Bill McKibben’s wrap up of the more than 4300 (!) demonstrations for 350 ppm around the planet

350 Front Pages

The great environmental writer and founder of, Bill McKibben, is the guest blogger.

We’re sitting here in our temporary offices in lower Manhattan hunched over laptops drowning in images””15,000 photos and thousands of minutes of video have arrived from what turned out to be 5,200 rallies, protests, and demonstrations in 181 countries around the world.

It was, according to any number of journalistic accounts, “the most widespread day of political action in the planet’s history.” But here’s the thing that impresses us. There wasn’t a rock star or a movie star or a charismatic politician in sight.  It was ordinary citizens and scientists coming together around a scientific data point.

The coverage, except for a somewhat sour piece by Andy Revkin in the NYT, was incredible. And it was also massive. We owned the top of Google News for 18 hours, and were all over the front pages of newspapers across the globe. Here’s a link that will give you the tiniest taste.

But I hope folks will go to the website and just spend some time going down the blog or looking at the slideshows. It will serve as a good reminder of just how many people are engaged and thinking about climate.

Clearly 350 doesn’t solve the problem. Clearly we’re not going to get the agreement our group wants out of Copenhagen. Hopefully we’ve managed to push the process at least a little ways in the direction of the science. And hopefully we’re finally beginning to build something that looks like a global movement to face the biggest global problem there’s ever been.

Enormous thanks to all who helped over the weekend, and will in the future.

— Bill McKibben

JR:  The Revkin piece is here.  At least it has a great final quote by NASA’s Gavin A. Schmidt:  “If you ask a scientist how much more CO2 do you think we should add to the atmosphere, the answer is going to be none.”  The Washington Post ran a good AP story Saturday with the website link (reprinted below) and a photo today:

Activists held events around the world Saturday to mark the number they say the world needs to reach to prevent disastrous climate change: 350.The number represents 350 parts per million of carbon dioxide emissions in the atmosphere that some scientists say is the safe upper limit. The atmosphere currently reaches about 390 parts per million, according to research by NASA climate scientist James Hanse cited by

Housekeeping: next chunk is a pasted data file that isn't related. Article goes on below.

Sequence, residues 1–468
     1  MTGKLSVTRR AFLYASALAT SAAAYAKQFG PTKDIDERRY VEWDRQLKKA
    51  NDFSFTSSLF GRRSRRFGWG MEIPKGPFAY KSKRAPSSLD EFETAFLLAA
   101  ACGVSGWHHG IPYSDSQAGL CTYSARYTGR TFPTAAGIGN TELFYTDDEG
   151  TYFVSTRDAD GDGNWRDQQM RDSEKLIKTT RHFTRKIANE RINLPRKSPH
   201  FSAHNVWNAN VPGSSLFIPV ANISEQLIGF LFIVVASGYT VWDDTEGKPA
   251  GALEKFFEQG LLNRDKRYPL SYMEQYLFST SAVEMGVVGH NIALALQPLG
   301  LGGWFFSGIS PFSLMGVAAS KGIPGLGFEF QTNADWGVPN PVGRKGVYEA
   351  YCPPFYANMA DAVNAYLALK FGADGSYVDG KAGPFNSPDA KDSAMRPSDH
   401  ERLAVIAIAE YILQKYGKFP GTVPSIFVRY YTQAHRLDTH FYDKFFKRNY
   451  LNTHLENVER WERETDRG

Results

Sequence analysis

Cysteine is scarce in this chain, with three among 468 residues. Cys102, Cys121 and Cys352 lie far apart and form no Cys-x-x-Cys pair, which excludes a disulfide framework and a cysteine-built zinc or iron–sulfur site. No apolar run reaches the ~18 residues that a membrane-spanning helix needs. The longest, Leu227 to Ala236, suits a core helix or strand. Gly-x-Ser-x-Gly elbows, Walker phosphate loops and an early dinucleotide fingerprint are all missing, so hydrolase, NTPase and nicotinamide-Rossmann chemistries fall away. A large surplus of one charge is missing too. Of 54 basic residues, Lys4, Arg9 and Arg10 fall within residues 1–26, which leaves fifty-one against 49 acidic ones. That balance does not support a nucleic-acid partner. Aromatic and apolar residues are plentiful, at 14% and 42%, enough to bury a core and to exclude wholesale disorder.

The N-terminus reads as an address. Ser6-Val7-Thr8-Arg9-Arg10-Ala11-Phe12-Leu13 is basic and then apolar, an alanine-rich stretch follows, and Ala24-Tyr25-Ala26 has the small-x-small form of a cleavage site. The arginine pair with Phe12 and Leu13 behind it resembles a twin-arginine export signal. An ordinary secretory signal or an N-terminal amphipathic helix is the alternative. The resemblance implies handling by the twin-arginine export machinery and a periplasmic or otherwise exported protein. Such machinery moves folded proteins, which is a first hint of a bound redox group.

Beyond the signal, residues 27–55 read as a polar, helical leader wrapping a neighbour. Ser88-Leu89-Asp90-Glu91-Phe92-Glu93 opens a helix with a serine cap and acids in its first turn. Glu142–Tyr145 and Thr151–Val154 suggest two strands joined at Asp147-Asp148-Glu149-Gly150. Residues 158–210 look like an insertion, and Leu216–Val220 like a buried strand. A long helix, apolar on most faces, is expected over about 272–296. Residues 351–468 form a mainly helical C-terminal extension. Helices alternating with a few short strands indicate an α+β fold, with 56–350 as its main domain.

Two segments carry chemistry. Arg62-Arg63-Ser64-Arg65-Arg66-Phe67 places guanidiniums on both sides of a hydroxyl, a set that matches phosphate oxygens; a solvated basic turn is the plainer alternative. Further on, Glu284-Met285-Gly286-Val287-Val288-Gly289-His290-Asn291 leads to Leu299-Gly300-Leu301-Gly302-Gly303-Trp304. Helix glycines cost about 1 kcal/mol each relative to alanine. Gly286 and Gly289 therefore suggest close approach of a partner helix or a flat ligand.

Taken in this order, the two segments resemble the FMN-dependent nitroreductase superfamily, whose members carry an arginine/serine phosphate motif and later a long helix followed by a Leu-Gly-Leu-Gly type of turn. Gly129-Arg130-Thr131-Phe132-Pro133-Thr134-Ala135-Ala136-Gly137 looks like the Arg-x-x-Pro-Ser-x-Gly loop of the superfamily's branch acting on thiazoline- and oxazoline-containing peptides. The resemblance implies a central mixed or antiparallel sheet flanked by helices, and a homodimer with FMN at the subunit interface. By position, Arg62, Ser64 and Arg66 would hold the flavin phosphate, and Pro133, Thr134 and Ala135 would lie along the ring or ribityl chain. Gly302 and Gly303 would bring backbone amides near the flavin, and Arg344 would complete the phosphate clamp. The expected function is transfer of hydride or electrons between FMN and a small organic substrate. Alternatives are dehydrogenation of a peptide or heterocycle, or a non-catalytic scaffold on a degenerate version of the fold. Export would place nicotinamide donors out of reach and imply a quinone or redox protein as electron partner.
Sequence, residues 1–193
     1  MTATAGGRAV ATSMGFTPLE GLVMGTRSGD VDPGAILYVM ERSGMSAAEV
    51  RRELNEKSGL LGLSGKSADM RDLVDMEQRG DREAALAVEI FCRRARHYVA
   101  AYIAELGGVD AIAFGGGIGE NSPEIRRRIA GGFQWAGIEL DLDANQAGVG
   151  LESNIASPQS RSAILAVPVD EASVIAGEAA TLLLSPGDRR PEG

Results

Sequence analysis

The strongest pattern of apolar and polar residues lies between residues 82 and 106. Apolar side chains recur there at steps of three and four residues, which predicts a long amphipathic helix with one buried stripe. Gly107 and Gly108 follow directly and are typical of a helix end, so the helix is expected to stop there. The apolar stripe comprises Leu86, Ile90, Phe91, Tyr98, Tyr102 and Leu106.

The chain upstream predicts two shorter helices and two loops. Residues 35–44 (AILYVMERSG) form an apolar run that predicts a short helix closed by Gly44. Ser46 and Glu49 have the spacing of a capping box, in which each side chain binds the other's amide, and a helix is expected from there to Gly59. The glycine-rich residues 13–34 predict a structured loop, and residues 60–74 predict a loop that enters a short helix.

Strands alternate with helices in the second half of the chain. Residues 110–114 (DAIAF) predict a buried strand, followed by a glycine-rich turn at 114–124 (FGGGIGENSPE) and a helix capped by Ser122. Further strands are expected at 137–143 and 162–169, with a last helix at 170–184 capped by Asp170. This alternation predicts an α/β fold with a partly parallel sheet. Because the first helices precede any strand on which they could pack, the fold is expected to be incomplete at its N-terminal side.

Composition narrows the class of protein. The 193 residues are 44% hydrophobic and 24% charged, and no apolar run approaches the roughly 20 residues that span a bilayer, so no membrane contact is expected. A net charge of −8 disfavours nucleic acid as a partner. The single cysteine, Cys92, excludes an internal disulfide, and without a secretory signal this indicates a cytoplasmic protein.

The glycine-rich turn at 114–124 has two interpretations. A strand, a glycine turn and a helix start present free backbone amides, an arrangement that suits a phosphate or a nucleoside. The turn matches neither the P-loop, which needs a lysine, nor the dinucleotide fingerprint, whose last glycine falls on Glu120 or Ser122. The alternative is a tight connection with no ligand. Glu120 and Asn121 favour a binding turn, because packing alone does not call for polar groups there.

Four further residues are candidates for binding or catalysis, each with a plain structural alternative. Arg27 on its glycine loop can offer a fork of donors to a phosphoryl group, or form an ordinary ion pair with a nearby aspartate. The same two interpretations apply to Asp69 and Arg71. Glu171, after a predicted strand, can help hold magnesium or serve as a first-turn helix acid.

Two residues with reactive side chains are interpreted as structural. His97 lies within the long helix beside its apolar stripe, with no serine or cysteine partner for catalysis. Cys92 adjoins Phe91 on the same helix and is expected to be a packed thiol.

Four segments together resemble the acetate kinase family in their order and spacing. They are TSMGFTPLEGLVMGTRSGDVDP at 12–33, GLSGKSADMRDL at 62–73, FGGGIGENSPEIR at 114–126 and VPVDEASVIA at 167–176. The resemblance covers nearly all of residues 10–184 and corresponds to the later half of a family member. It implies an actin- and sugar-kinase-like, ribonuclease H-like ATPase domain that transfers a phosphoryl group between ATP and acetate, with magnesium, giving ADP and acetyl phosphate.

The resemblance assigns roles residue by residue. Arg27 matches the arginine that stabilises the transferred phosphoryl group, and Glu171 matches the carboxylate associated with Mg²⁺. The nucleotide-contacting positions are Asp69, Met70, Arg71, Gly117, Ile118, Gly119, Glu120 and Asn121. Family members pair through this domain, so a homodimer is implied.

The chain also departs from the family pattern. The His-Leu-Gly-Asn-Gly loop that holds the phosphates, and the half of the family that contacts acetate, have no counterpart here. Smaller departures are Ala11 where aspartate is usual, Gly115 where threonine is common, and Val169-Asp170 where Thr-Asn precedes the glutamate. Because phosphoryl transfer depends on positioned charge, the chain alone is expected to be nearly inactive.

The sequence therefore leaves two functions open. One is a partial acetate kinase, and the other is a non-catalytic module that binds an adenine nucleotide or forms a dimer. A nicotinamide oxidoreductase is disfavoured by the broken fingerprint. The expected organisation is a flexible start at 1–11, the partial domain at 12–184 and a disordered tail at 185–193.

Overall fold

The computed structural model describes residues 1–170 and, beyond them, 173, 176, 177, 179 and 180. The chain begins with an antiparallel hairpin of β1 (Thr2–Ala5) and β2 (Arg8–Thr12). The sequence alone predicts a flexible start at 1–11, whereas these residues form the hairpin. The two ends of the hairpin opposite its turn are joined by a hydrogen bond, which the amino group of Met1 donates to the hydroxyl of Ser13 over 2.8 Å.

Hundreds of events highlighted the number in different ways.

In what founder Bill McKibben called a global game of Scrabble, groups in Australia, Ecuador, India, the United Kingdom, the U.S. and Denmark each spelled out one of the numbers in 350. Hundreds gathered in New York City’s Times Square and watched slideshows of the other events on giant screens.

McKibben, an environmentalist and author of “The End of Nature,” said the day was unique because it emphasized the science behind a politically complicated topic.

“It was ordinary people rallying around a scientific data point,” McKibben said. “Nothing like that has ever happened before.”

In Venezuela, volunteers formed a human chain marking the number zero on the beach at Catia La Mar north of Caracas to mark the spot where they said the ocean would reach if global warming is not stopped.

McKibben said volunteers also sent in photos of separate groups forming the numbers 350 around the Dead Sea, in Jordan, Israel and Palestinian territory.

Many of the events referred to the Copenhagen conference scheduled in December that will seek to reach a new global climate change treaty to replace the 1997 Kyoto Protocol on carbon dioxide emissions. It has been billed as a last chance to avoid the impact of catastrophic global that could be felt for generations.

McKibben said there are lessons to be learned from the Kyoto Protocol, which the U.S. did not join.

“We saw what happened,” he said. “Everybody walked away once it was done, and there was no real progress. We need to pick up the pace.”

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22 Responses to Bill McKibben’s wrap up of the more than 4300 (!) demonstrations for 350 ppm around the planet

  1. Don’t worry Bill, those of us who realize the important work you’re doing thank you for it. You’re building a global movement to change what’s ‘politically feasible’, and that’s key to solving what is a global problem needing above and beyond effort.

  2. Jeff Huggins says:

    Thank You, Bill and Everyone Else, From San Francisco

    I attended a main event in San Francisco near the Ferry Building. It was great, meaningful, and well-done. I’m somewhere near the tail end of the “5” in the “350” shots taken there.

    Bravo! The organizations involved all did great jobs. In particular, Greenpeace and the 350 folks did a great job. But they ALL did great jobs, and I thank them for it.